Patient's age ranged from 24 to 81 years old (average of 49.44). From these, 431 were females(84.7%) and 78 males (15.3%). The average amount injected varied according to the applied areas, being approximately 20-25 U at periorbital regions, 15-20 U at glabella and 15 U at frontal region.

Ecchymosis occurred at injection site in four cases (0.8%). Short-term cephalea was reported by four patients (0.8%). Major complications related to weakening of muscle next to applied areas by migration or accidental injection. Unilateral eyelid ptosis occurred in one patient (0.2%) with a discrete deviation of ocular globe that persisted for approximately ten days, resolving spontaneously.


Several are the methods described aiming at attenuating facial wrinkles. Surgical intervention is required for many of them, leading some times to delayed recovery, non-satisfactory results or scars. Injectable synthetic products general1y do not have a definite result, are expensive, may migrate and some of them require previous testing before use. Fatty graft does not give good results concerning periorbital wrinkles, and its results are transient, besides requiring a donor site.

Botulinum toxin application showed to be a simple, non-surgical, safe and efficient method for the treatment of facial wrinkles, mainly in its lower third. It presents few complications, is reversible, may be reapplied several times and is easy to be obtained.

Some classical surgeries, such as the corrogator muscle excision, may be satisfactorily substituted by the repeated application of this substance. Selected cases of facial asymmetry caused by iatrogenic lesion or other etiologies also get good results with this drug. Transient paralysis of frontal region post ritidoplasty may be properly controlled with counterlateral small injections of the toxin till recovery of injured side, exceedingly decreasing patient and surgeon's anxiety. This non-surgical option shows important advantages for bearers of masseteric hypertrophy and axillary hyperhidrosis in relation to traditional treatments.


The use of botulinum toxin is adjoining traditional methods and represents a safe and effective non-surgical option for the treatment of facial expression wrinkles and in selected cases of facial asymmetry and finds more and more important indications in medical practice.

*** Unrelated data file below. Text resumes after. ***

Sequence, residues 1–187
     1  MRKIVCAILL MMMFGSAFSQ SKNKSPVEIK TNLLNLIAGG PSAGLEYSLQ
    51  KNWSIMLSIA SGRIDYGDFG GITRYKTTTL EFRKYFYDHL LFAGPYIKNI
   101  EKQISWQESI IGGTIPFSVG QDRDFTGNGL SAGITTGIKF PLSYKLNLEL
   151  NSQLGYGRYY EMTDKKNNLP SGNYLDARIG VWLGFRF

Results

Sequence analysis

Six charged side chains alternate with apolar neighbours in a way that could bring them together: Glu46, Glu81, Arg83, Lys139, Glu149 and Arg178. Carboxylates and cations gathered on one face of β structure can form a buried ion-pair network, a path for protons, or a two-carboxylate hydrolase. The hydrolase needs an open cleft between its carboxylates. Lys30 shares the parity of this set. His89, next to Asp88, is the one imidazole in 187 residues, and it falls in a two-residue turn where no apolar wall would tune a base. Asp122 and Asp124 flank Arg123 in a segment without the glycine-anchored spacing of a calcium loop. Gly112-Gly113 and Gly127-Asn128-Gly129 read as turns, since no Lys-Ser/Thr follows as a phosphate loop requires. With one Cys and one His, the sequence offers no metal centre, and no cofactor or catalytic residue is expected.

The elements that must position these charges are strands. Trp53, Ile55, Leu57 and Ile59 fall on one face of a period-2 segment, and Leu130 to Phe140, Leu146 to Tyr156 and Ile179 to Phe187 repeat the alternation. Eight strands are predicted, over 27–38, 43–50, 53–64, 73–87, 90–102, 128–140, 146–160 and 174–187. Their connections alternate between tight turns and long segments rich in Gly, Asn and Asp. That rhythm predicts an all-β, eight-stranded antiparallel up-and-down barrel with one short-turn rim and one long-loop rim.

1. BUSHARA KO et al. Botulinum toxin - a possible new treatment for axillary hyperhidrosis.
Clinical Ex. Dermatol. 1996;21:276-278.

2. CARRUTERS J, CARRUTERS JA. Botulinum toxin use for glabellar wrinkles. IN: Annual Meeting of the American Society for Dermatologic Surgery, 1991, Orlando. Annals... p. 13-17.

3. CLARK RP, BERRIS CE. Botulinum toxin: A treatment for facial asymmetry caused by facial nerve paralysis. Plast. Reconstr Surg. 1989; 84:353.

4. HASSAN SM et alo Elimination of superfluous neuromuscular junctions in rat calf muscles recovering from botulinum toxin-induced paralysis. Muscle Nerve. 1994; 17:623-631.

5. HELVESTON EM. Treatment of acquired nystagmus with botulinum toxin. Am. J. Ophtalmol. 1988;106:584-586.

6. MATSUDO PKR. Botulinum toxin for correction of fronto-glabella wrinkles: preliminary evaluation. Aesth. Plast. Surg. 1996; 20:439-441.

7. SCOIT AB et aloPharmacologic weakening of extraocular muscles. Invest. Oftalmol. Soc. 1973; 12:924-927.

8. SCOTT AB. Botulinum toxin injection into extraocular muscles as an alternative to strabismus surgery. Ophtalmology. 1980;87: 1044-1049.

9. SHORR N et al. The use of botulinum toxin in blepharospasm. Am. J. Ophtalmol. 1985; 99:542-546.

10. SMYTH AG. Botulinum toxin treatment of bilateral masseteric hypertrophy. Br. J. Oral Maxillofac. Surg. 1994; 32:29-33.

11. SAVINO PJ et al. Hemifacial spasm treated with botulinum injection. Arch. Ophtalmology. 1985; 103:1305-1306.

12. TSUI JK et al. A pilot study on the use of botulinum toxin in spasmodic torcicollis. Can. J. Neuro. Sci. 1985; 12:314-316.

I - Senior Member of the Brazilian Society of Plastic Surgery.

Address for correspondence:
Alberto Goldman, MD
R. Quintino Bocaiúva, 683 conj. 203
Porto Alegre - RS
Phone: (55-51) 331-7377


Previous Article Back to Top Next Article


Licença Creative Commons All scientific articles published at are licensed under a Creative Commons license